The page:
I feel it appropriate to say that before I read this book I was a John Green virgin, which, after saying, I regret it. I had never read anything by John Green before. So, I started my journey with John Green with this book, which I must say out of the two I’ve read, this being one of them, I liked this one the best! (laugh, that was supposed to be funny, because obviously after reading two of his books, I’m a John Green expert [not])
I really did love this book. I picked it up after I had just walked across the stage in front an audience of about (and here I’m using the actual number for effect) 2,000, 1,000 of those being solely the graduates themselves in only the Arts and Sciences College (it was like purgatory for college students). I mention this because I had finished reading The Perks of Being a Wallflower, and that one hit a little too close to home for me, and just for clarification not me personally, but a family member of mine had a similar experience, we think, and it has never been resolved, but that’s for a later review.
Essentially my worldview was small at that moment. I longed to get away from the hurt and discomfort I had picked up from Chbosky, and I had heard such wonderful things about The Fault in Our Stars, and I had seen some videos from vlogbrothers (which if you haven’t checked out, you should, definitely!) so I knew of John Green. I knew he was a little wacky, crazy, childish, and just all around the most awesome human being/author to walk this side of the world, so I figured, you know, naturally, he has to be a pretty dang good writer.
I was so right.
First of all, I am used to crazy fantasy novels of dystopias and utopias, and dragons, and faeries, and ghosts, vampires, werewolves, etc, the list goes on. By the title of this, I expected it to be fantastical and epic. (it was epic, but not in the way I thought)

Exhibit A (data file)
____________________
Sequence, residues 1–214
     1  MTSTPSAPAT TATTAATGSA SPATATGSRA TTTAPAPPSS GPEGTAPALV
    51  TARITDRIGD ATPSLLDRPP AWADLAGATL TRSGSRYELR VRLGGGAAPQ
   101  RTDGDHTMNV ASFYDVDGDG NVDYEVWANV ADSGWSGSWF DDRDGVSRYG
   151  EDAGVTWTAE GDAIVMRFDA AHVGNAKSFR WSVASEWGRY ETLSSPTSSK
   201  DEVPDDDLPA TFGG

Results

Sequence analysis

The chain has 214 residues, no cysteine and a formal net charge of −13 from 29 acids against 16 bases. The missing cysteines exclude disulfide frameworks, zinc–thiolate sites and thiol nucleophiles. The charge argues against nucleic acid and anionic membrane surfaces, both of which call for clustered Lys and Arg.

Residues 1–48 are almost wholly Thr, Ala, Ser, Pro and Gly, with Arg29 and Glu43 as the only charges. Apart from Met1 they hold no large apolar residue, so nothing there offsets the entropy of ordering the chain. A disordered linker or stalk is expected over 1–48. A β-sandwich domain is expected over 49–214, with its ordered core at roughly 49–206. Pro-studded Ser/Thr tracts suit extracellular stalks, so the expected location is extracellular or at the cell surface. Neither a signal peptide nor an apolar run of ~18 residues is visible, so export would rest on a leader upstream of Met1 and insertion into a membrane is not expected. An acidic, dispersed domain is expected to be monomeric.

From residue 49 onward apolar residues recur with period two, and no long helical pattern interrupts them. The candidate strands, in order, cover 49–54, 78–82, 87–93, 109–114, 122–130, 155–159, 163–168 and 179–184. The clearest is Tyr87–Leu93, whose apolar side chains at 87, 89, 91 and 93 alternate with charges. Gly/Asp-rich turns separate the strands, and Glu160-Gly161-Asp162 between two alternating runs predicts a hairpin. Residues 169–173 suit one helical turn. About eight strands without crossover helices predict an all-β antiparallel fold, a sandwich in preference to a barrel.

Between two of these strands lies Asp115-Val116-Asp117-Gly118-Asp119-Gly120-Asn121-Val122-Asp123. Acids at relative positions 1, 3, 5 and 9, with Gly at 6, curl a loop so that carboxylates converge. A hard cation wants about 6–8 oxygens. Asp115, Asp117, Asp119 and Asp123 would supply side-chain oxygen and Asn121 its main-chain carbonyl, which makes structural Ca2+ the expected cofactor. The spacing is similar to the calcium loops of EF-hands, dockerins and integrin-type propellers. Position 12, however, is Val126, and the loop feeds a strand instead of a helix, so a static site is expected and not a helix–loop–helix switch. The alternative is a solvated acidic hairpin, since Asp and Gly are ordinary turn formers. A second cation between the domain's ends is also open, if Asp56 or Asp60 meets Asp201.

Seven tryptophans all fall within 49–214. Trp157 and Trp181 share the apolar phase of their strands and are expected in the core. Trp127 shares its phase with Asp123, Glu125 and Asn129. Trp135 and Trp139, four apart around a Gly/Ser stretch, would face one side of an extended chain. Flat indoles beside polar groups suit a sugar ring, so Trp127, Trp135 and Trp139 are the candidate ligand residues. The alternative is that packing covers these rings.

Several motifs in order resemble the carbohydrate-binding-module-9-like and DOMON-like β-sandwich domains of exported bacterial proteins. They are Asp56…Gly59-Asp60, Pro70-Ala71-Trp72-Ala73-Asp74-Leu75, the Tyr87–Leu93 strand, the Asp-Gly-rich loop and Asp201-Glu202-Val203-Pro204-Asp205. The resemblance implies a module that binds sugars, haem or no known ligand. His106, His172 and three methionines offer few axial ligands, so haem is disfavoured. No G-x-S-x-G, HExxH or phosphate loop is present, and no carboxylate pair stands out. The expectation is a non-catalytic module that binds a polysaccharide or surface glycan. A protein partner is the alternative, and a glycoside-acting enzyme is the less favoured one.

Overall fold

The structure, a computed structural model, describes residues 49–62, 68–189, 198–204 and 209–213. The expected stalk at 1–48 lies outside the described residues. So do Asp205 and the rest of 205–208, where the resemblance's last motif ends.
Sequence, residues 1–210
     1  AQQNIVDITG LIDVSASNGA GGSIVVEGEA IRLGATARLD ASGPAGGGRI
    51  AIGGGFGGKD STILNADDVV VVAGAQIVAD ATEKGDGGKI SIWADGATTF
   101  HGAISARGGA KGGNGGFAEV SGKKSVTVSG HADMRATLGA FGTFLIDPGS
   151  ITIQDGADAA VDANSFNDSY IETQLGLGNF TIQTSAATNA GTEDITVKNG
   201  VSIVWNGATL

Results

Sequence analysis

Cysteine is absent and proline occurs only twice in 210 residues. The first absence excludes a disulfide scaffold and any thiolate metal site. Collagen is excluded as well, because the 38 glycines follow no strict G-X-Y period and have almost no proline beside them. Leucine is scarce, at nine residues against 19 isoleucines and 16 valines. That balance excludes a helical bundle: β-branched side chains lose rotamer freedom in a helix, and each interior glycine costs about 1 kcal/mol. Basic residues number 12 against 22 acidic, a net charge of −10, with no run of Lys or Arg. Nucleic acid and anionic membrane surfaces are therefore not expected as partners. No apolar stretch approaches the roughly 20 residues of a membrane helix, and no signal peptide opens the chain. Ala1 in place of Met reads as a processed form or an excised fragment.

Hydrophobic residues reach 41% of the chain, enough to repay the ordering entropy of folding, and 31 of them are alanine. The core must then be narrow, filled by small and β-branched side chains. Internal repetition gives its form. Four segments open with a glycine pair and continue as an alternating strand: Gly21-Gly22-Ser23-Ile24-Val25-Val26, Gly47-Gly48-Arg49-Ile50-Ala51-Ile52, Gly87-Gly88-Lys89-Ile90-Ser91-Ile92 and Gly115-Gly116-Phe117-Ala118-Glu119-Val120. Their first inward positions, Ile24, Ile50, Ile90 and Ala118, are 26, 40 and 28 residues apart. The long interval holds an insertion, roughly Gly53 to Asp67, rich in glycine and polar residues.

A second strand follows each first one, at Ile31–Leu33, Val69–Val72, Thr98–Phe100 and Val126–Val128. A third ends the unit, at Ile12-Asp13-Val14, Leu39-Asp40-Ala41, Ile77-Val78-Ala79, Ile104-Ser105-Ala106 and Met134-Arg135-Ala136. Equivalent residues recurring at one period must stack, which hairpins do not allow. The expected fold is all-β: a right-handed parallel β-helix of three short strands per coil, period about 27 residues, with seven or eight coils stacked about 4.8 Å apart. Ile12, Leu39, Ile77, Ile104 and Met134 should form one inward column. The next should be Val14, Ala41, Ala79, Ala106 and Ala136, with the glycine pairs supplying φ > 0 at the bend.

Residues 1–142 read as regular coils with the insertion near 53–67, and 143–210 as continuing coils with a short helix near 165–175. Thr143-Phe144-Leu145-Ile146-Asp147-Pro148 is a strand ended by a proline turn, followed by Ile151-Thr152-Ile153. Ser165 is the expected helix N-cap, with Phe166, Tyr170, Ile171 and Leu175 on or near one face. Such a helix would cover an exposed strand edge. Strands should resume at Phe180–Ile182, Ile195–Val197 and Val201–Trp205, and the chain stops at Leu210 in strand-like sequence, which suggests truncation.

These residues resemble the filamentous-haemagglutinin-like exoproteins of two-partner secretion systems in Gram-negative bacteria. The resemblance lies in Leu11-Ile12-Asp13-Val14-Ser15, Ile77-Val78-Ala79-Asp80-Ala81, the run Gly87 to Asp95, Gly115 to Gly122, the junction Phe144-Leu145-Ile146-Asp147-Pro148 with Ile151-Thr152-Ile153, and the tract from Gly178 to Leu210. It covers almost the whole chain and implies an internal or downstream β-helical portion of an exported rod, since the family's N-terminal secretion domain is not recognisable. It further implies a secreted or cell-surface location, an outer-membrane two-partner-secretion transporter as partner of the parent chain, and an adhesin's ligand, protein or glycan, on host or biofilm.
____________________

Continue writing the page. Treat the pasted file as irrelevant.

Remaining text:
It was so down to earth, hit you right in the feels (your heart, emotions, feelings, you get it) amazing. I’ve never had the misfortune, and I’ve been so lucky to not experience the true horrors of cancer. I’ve had two or so family members who were already at the very ends of their lives. I watched them suffer, I watched them waste, and I’ve seen the death and destruction and heartache it causes, but I didn’t know it. I didn’t know how to feel it, or feel about it, especially within a subject young and vibrant, and meant to keep living.
My worldview was changed. I felt, after graduating, as if my life was just beginning. I was gonna be an actress. My lifelong dream. I was gonna learn to play guitar, and write a book, and I was on the cusp of my life, I didn’t have to rush, I had all the time in the world. These probably sound like aspirational goals, and I have yet to give up on them, but what this book made me realize was that, we’re always at the end of our lives. Right, there at the end of the string, it’s as far as we’ve gotten, and it’s not wrong to dream, it’s not wrong to aspire, but I’m at the end here, and I’ve got to do.
So I celebrate the little things, measure moments and try to make them last and memorable. I savor them. Because one day death, pain or suffering will all come knocking at our doors, and it doesn’t do, as the great Dumbledore said, “[to] dwell on dreams, and forget to live.”
So I’m living. I’m dreaming, and I’m doing. Thank you , John Green, J.K. Rowling, and all you authors out there who have shown me a perspective that has changed my life.
I highly recommend reading this book, perhaps beside a box of tissues, and maybe some anti-depressants.